Still Life with Chattering Teeth and People-Shaped Things (excerpt)

by
Daulton Dickey.

[This is an excerpt from the titular story in the new short story collection, Still Life with Chattering Teeth and People-Shaped Things & Other Stories, which is out now.]

1.

Humming fills the air, but it’s the humming of a brain filling gaps exposed by silence. The lights are out. Colors flicker in space–sometimes near the ceiling, sometimes near the floor.

The brain does the math, and this is another case of the brain creating something where something should be.

But listen: the silence. It’s unnerving somehow. Unnatural.

The ceiling throbs. Cracks spiderweb the walls. From these, insects emerge. They’re miniature heads, human heads, crawling on six scrotums. Sperm oozes in their wake. Sadie throws a shoe at the wall and the insects scream and scatter.

She climbs out of bed and peeks outside: a planet-sized eyeball drifts toward a planet-sized eyelid. Twilight. She throws on her robe and taps her skin. It’s still skin. Thank Cruelty. She hasn’t transformed, not like the others.

She opens her front door.

The hallway is empty.

She tiptoes across the hall and puts her ear below “3F” on Martin’s door. Silence. But that doesn’t mean anything. Those creatures are probably in there. Right now. Fucking each other with those tentacles–or whatever the hell you call them.

More humming.

Is it a lightbulb, or is it her brain doing the math, plugging holes?stilllifedaultondickey

She ties her robe and rubs her stomach and tiptoes down the hall, listening in on apartments 3D, 3C, 3B.

She puts her teeth together and hisses, just to make sure she hasn’t gone deaf.

Hiss.

She hasn’t gone deaf.

Door 3B flings open. A human-sized caterpillar pops its head into the hallway. Snot and cum drips from its mouth.

–Everything okay? it says.

–Fine.

–Why you in your robe? Locked out?

–Stop talking to me. Monster. Continue reading

Women of Horror: An Interview with Author H.R. Boldwood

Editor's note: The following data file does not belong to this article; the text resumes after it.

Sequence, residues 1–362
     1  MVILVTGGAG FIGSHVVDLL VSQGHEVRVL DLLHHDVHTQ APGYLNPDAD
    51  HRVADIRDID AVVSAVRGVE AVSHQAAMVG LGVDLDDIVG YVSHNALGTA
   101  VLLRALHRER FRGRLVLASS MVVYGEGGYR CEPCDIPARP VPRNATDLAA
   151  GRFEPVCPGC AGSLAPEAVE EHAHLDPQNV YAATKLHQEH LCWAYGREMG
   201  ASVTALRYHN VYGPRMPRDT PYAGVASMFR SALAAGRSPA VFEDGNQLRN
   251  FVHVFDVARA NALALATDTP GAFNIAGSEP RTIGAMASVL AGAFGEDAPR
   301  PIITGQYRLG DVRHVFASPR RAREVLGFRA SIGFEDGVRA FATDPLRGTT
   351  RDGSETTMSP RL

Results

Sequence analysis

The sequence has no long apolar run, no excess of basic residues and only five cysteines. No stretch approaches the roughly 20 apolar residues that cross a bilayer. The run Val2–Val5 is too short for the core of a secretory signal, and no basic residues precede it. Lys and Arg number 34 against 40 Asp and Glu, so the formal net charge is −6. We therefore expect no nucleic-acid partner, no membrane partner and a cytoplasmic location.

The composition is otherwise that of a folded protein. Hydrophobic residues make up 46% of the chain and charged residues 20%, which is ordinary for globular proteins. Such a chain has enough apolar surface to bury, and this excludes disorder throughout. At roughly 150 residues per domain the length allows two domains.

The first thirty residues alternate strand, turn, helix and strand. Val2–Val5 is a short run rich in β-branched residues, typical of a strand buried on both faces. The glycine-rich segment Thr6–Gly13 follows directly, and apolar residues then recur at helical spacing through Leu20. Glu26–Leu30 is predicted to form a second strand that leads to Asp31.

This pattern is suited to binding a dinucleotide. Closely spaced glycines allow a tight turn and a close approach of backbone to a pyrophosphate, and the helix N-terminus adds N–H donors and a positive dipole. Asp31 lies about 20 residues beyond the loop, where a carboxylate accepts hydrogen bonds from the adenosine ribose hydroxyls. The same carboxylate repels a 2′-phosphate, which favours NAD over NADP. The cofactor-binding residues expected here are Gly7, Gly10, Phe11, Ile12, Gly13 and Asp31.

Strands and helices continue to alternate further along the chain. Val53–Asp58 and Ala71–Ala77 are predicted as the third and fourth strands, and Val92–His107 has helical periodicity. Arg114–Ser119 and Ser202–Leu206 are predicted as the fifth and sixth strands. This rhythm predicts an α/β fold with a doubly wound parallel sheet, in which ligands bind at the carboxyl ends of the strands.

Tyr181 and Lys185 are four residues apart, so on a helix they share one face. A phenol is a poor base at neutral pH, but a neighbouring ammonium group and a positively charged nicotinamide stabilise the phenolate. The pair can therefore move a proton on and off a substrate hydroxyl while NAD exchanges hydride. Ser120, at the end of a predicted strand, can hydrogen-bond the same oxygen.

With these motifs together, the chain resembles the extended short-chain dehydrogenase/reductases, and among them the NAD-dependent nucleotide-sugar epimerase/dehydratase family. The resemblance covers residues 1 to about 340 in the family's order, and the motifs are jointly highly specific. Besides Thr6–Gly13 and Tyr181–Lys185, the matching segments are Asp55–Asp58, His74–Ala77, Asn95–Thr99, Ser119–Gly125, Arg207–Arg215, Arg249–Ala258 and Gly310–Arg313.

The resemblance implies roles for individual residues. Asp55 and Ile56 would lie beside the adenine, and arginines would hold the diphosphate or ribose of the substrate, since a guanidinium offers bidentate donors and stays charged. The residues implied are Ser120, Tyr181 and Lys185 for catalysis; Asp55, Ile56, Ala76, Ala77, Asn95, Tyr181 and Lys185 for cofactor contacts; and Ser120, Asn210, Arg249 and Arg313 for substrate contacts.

by
Daulton Dickey.

H.R. Boldwood is a writer of horror and speculative fiction. In another incarnation, Boldwood is a Pushcart Prize nominee and was awarded the 2009 Bilbo Award for creative writing by Thomas More College. Publication credits include Killing it Softly, Short Story America, Bete Noir, Everyday Fiction, Toys in the Attic, Floppy Shoes Apocalypse II, Pilcrow and Dagger, and Sirens Call.

Boldwood’s characters are often disreputable and not to be trusted. They are kicked to the curb at every conceivable opportunity. No responsibility is taken by this author for the dastardly and sometimes criminal acts committed by this ragtag group of miscreants.

Tell us about yourself: when did you start writing?

I write literary fiction under my given name and horror under the byline H.R. Boldwood.

I live in Mason, Ohio with my husband, Pete, and a black lab named Poe. I have 2 sons, and 2 and ½ gorgeous granddaughters Isabelle and Ava, (and a player to be named later!)

 I began writing in the seventh grade when my English teacher asked our class to write a short story on any topic. Of course, I wrote a horror story! It was titled The Reincarnation of Sir Thomas More. My teacher gave me an A+ and was so taken with the story that he sent it to a college professor at Northwestern University. Continue reading